[Source: Lesley Wright, Arizona Republic] -- Scottsdale's Historic Preservation Commission said this week that Arizona State University would have to do a better job on a conservation easement for the Kerr Cultural Center. After listening to artists and residents blast the reputation of ASU for historical conservation, the commissioners delayed a vote for the easement Thursday and sent it back to the negotiating table. "The more we can get into this document the better," said Commissioner Rob Viergutz.
The commission began talks with ASU in January, after the university said the city couldn't legally impose historic zoning on state property. But a score of artists and residents from around the Valley argued that ASU could not be trusted to allow the 50-year-old center to continue its role as an arts venue. That was the intent of composer and arts patron Louise Lincoln Kerr, who bequeathed the site to ASU in 1977, her descendents argued. "It was her wish that this continue in perpetuity," said Dorothy Lincoln Smith, who spoke to her sister-in-law just before her death.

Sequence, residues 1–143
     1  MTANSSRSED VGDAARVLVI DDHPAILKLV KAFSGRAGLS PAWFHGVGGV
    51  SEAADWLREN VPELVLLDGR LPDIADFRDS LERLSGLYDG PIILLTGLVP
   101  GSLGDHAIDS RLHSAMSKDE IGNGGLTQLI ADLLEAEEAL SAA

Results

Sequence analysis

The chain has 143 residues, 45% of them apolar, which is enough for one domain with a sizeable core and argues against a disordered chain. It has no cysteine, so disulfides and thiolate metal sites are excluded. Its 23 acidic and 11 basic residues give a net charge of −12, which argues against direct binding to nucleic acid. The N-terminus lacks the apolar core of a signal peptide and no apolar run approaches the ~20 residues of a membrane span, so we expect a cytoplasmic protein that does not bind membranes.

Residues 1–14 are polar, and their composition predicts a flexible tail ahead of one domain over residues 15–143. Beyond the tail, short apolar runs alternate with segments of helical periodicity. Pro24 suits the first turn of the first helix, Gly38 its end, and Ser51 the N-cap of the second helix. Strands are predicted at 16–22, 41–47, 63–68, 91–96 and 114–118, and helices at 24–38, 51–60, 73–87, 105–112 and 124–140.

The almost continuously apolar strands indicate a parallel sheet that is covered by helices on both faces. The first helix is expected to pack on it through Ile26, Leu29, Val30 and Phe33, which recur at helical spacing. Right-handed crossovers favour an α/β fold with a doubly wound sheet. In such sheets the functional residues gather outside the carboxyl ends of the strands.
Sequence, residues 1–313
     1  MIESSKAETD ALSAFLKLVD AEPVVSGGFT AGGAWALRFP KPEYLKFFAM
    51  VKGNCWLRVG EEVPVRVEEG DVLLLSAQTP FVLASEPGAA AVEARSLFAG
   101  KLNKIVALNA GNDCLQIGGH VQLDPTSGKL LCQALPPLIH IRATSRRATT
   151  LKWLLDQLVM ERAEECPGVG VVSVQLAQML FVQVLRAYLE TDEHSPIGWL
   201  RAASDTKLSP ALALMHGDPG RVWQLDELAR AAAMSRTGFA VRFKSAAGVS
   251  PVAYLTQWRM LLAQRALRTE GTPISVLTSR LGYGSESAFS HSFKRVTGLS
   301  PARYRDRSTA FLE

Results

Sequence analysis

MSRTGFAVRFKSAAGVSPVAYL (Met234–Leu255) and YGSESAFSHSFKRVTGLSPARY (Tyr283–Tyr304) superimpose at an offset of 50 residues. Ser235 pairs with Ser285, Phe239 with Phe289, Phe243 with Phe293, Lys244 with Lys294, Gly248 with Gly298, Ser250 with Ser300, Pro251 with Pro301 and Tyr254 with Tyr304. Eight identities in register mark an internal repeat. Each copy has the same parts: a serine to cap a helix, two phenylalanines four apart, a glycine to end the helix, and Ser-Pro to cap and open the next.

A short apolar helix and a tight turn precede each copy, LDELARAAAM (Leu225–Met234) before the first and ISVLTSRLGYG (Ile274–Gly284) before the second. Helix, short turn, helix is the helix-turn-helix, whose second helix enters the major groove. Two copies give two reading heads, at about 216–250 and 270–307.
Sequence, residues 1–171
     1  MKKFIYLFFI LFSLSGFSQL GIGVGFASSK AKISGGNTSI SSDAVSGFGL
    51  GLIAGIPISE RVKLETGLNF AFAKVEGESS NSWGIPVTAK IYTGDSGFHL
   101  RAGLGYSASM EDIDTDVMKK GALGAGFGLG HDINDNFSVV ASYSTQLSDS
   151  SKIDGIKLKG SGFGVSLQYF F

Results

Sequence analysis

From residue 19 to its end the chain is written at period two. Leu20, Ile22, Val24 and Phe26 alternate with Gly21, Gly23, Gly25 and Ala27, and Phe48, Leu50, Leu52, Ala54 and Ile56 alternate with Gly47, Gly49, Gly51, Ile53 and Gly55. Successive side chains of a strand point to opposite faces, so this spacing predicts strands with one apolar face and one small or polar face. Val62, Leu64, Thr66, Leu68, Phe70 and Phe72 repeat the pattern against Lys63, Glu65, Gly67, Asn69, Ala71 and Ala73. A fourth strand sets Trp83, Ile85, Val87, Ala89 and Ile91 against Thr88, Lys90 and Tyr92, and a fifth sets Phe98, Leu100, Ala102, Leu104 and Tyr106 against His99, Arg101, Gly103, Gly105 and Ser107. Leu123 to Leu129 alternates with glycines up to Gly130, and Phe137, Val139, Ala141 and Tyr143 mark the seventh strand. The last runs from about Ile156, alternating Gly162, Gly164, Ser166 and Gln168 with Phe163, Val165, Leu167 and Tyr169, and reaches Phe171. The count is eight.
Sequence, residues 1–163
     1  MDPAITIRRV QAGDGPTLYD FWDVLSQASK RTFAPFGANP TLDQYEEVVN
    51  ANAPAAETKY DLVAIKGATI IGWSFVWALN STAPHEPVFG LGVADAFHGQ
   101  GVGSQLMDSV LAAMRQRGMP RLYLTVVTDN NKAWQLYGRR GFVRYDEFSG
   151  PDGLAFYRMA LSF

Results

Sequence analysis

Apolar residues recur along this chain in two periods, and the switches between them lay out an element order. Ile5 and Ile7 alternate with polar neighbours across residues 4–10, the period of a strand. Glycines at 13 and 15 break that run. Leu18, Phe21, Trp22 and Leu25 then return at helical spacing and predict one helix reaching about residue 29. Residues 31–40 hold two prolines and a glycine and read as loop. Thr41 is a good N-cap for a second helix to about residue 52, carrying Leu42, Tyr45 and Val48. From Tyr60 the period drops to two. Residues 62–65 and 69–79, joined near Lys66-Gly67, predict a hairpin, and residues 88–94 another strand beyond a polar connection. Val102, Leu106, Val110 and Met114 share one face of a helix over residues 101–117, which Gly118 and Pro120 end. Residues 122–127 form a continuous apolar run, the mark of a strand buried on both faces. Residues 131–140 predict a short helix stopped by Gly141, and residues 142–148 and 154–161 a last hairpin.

Arizona State Historian Marshall Trimble said that ASU has been making it difficult for artists to perform there. "I think it's very clear that ASU is trying to terminate what Louise Lincoln Kerr intended when she donated it," Trimble said. "It's not the ASU I used to know." Paul Berumen, ASU's director of local government affairs, said the proposed easement would guarantee the buildings and that the university has no plans to alter the site at 6110 N. Scottsdale Road. "This easement gets us to the point where we are able to work as partners to protect the site," Berumen said.
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